Senior forskare/Rättslig expertContact Niklas
A regulatory sandbox is a tool that can be used to give actors the opportunity to test and experiment with, for example, new innovative products or services that would otherwise have been prohibited because they conflict with laws or other regulatory frameworks that actors have committed to follow.
Regulatory Sandboxes have recently gained increasing attention as an effective tool for dealing with new technological phenomena that are legally complex. In many ways, this constitutes a counterpoint or complement to traditional legislative work - which begins with a political assignment and, after processes such as referrals, culminates in legislation. Traditional legislative work takes a long time, can struggle to keep up with technological advancements, and faces challenges in finding the right level of rules that work in practice.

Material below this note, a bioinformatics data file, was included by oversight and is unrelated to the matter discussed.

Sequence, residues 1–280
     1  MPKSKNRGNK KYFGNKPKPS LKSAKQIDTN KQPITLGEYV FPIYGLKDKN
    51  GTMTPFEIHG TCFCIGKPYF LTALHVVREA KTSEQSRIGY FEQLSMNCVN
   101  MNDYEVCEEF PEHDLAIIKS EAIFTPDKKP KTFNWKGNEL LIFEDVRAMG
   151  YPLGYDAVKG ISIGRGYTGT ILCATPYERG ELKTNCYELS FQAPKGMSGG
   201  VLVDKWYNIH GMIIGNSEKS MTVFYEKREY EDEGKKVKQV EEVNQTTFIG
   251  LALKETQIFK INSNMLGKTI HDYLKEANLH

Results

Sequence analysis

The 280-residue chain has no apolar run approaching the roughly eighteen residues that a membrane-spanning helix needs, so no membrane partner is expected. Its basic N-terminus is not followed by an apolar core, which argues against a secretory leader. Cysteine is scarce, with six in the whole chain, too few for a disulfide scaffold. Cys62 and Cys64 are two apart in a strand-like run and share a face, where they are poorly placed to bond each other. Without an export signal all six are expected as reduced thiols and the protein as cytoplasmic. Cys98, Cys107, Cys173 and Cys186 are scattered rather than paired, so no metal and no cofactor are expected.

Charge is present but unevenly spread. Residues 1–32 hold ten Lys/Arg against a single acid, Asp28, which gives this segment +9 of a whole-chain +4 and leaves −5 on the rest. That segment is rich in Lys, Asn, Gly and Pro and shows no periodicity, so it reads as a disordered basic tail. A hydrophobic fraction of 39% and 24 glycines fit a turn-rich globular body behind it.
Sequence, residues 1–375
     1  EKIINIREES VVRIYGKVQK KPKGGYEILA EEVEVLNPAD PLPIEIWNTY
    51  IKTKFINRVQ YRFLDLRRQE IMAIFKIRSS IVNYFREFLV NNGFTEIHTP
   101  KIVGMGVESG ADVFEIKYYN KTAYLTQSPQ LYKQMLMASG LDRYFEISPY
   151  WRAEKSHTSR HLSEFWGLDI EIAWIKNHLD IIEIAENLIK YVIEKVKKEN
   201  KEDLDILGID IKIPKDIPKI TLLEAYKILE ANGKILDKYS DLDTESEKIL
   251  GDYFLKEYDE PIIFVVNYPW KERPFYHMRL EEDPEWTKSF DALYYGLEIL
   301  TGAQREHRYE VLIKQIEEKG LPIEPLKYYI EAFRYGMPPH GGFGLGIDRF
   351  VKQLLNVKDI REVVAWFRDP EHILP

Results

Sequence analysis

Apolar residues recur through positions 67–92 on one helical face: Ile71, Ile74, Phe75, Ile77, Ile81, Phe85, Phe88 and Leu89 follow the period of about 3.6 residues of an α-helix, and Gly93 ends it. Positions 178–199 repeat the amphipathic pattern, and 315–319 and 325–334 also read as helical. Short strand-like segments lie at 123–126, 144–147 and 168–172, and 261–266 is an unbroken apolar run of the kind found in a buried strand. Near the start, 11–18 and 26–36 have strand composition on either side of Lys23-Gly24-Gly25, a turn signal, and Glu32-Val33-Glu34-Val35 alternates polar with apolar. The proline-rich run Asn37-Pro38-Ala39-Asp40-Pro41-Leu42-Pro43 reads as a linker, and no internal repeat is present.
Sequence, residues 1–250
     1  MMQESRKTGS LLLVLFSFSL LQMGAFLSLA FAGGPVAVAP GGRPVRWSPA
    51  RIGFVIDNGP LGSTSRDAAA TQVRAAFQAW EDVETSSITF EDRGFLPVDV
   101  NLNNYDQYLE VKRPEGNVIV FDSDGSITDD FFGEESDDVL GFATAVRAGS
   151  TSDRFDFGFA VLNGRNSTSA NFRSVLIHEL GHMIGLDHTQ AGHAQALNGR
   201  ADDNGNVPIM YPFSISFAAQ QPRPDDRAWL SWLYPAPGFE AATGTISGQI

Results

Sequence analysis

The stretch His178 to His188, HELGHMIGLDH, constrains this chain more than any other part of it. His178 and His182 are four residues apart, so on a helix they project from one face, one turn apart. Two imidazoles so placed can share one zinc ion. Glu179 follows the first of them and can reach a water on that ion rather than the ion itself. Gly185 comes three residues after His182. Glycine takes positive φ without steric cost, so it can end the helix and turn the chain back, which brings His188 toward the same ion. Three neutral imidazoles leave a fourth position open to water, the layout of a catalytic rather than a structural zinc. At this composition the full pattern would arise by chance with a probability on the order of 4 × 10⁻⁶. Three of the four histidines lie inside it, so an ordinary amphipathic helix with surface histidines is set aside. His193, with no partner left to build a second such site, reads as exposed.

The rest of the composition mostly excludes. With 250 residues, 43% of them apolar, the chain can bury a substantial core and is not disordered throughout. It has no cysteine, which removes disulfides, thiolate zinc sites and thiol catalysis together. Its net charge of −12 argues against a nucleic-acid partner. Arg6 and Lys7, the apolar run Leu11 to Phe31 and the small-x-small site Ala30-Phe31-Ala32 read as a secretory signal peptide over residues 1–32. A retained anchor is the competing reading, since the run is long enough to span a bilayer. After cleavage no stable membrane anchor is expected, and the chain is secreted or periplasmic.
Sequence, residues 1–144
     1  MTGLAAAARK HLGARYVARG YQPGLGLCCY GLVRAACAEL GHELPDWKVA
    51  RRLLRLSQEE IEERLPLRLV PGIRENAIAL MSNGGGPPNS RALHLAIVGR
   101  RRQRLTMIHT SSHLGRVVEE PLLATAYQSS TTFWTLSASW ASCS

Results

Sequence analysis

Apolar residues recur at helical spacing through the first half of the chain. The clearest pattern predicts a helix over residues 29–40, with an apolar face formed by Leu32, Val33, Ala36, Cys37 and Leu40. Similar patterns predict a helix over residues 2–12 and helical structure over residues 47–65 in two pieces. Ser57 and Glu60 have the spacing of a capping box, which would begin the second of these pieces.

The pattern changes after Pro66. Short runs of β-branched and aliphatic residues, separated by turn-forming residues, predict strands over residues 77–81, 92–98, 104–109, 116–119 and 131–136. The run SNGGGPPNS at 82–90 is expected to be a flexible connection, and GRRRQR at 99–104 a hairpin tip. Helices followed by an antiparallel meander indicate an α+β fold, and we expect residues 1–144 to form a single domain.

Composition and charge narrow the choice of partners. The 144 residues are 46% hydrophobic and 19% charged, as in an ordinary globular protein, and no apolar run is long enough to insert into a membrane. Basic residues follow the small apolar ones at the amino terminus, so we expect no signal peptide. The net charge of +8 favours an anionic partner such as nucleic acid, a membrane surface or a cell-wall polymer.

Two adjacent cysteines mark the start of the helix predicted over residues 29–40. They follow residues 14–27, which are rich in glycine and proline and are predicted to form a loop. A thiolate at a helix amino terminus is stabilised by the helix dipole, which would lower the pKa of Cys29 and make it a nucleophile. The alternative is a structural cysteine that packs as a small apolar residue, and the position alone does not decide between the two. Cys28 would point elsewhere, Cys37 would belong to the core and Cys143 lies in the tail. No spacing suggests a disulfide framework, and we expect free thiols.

RISE is a natural collaborative partner for those curious about regulatory sandboxes and have an idea they want to test. We can offer knowledge about the process, tools and methods, evaluation, testing space, and more.
Regulatory sandboxes are a tool that can be used to explore new innovative products and services that stands in conflict with existing laws and regulations. This can be done through various forms of exemptions or under regulatory supervision. Regulatory sandboxes are delimited appropriately depending on the context with various types of conditions. The societal benefit of regulatory sandboxes is that an innovation can be tested in reality at an earlier stage, and that teething problems can be discovered before adaptations are made in the legislation. Through regulatory sandboxes, society thus obtains better functioning rules as part of the innovation process.
Regulatory sandboxes are now emerging in more and more areas such as fintech, automated vehicles, drones, energy, telecommunications, and health. Especially within digitalisation, the question of regulatory sandboxes is increasingly highlighted as a way to accelerate innovation (see, for example, recital 71-72 and article 53-55 in the current proposal for the European AI regulation).